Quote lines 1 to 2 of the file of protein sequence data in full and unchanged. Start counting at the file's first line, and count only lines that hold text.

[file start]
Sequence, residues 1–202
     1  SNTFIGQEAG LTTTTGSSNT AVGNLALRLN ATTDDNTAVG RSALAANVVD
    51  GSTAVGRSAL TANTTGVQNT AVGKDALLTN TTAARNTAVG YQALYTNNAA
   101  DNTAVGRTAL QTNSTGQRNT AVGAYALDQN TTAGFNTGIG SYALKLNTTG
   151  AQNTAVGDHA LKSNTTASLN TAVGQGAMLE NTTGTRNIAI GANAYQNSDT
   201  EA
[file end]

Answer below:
Sequence, residues 1–202
     1  SNTFIGQEAG LTTTTGSSNT AVGNLALRLN ATTDDNTAVG RSALAANVVD